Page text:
The Immigrant Rights Movement: A Year in Retrospect
Last spring, in response to punitive legislation proposed in Congress and
increased repression of immigrant workers, millions of predominantly
working-class Latina/o immigrants took to the streets across the United
States. Support and organization was broad: the Catholic Church, local
hometown associations, unions and worker centers, and local Latina/o media
played major roles in mobilizing for the actions. Immigrants from other
countries have turned out to march in various cities.
The result: the largest series of demonstrations in U.S. history and, in
many areas, what amounted to one-day strikes. In Los Angeles, the garment
and port trucking industries were nearly paralyzed. In the Midwest, the
meatpacking industry was shut down. In New York, over 10,000 businesses
closed (mostly small delis and ethnic businesses). Investment bankers on
Wall Street were heard saying "let them [Mexicans] in so that we can get
some coffee." Many employers responded by firing or disciplining workers;
others supported workers' efforts and a new immigration reform policy.
The movement sparked a lively debate in the media about immigration, with
politicians scrambling to pass an immigration reform bill. The bi-partisan
Comprehensive Immigration Reform Act of 2006 passed the Senate a short two
months after the bill that sparked the wave of street demonstrations - Jim
Sensenbrenner's HR 4437 - passed the House. The Senate bill created
substantial debate and division in segments of the immigrant rights
movement. Many immigrant workers, religious organizations, unions, and
politicians supported the bill. The movement's left wing opposed it.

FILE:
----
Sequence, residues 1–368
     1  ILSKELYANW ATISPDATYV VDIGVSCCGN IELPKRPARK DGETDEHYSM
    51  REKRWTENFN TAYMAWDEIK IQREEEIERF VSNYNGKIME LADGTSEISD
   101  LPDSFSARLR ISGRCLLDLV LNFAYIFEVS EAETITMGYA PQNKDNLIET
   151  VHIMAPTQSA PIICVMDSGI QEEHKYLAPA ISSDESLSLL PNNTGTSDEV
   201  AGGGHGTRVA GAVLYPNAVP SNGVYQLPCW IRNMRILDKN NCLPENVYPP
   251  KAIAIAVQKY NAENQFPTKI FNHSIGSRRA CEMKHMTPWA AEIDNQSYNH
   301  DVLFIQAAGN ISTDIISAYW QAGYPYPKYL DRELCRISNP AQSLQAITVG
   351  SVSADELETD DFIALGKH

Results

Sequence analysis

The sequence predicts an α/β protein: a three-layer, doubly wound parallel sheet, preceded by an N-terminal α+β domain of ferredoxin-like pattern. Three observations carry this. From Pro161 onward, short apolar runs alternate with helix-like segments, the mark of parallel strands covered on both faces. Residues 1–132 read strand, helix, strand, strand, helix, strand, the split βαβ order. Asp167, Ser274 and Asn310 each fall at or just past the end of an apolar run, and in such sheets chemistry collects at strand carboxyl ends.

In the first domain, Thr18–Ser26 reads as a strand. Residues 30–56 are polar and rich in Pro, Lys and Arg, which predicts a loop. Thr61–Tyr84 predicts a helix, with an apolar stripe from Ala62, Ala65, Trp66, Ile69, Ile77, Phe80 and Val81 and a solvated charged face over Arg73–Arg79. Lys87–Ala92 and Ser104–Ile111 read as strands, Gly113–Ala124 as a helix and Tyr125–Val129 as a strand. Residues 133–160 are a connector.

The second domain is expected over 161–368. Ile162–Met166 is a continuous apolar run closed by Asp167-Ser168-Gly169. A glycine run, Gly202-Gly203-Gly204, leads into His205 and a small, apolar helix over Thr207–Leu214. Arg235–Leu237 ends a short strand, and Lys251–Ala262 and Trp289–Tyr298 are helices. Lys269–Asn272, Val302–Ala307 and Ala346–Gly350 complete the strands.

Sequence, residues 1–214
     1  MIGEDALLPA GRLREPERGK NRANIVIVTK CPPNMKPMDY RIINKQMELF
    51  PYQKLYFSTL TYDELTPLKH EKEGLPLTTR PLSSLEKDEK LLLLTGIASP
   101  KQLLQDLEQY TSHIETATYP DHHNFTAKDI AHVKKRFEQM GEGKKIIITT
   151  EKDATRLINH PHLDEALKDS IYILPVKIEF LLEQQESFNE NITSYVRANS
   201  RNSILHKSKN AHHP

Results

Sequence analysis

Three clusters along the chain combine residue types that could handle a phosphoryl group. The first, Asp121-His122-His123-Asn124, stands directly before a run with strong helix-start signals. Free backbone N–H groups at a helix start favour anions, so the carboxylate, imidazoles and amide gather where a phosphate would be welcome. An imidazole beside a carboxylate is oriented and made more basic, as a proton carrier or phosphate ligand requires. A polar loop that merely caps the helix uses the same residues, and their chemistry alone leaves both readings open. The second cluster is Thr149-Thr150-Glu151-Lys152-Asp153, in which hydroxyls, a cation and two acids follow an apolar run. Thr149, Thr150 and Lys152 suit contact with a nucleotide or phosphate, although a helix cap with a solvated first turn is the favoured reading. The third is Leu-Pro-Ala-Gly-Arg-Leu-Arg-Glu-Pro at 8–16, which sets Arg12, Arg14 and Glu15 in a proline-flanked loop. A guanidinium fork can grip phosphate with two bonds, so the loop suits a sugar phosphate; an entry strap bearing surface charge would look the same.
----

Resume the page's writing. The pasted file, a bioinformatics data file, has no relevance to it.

Among its most controversial elements, the Senate bill included a divisive,
3-tier path to legalization (which many undocumented immigrants could not
utilize), an expanded guest worker program, instant verification (an
extension of the Social Security "No Match" Program), and increased border
enforcement (see resources below for a more detailed analysis). Ultimately
the Senate bill failed to pass the House and the hope of comprehensive
immigration reform was essentially "off the table."
The Border Fence Bill, passed by Congress last year, further militarizes the
border and creates an even more repressive and coercive environment for
On the ground, last year's immigrant rights demonstrations have provoked
unprecedented Immigration and Customs Enforcement (ICE, the new INS) raids.
According to an ICE spokesperson, there have been over 18,000 arrests so
far, mostly people in their homes. These raids have targeted workers in the
meatpacking industry, construction, cleaning services, and especially those
firms where workers are fighting for their rights or organizing unions.
The left wing of the movement responded to these repressive tactics by
holding a strategizing conference in August 2006 in Chicago, and organizing
marches for Labor Day of that year. At the August meeting the 10 points of
Immediate unconditional legalization for all undocumented currently in the
No mass deportations
No arbitrary, mass or indefinite detentions
No employer sanctions
No guest-worker programs
Full labor rights, civil rights, and civil liberties
No militarization of the border
No border wall
No criminalization of workers
Increase of family reunification visas
Currently the various local and national immigrant rights networks are
organizing for days of Action around May 1, 2007. These actions and this
movement - like the civil rights struggles in the "long decade" of the
1960s - are key to breaking down racial and economic barriers in the U.S.
and forging bigger struggles for social justice.
Help build this movement! Join us in the streets on May 1st! More
Immigration Resources <http://www.solidarity-us.org/immigrationresources
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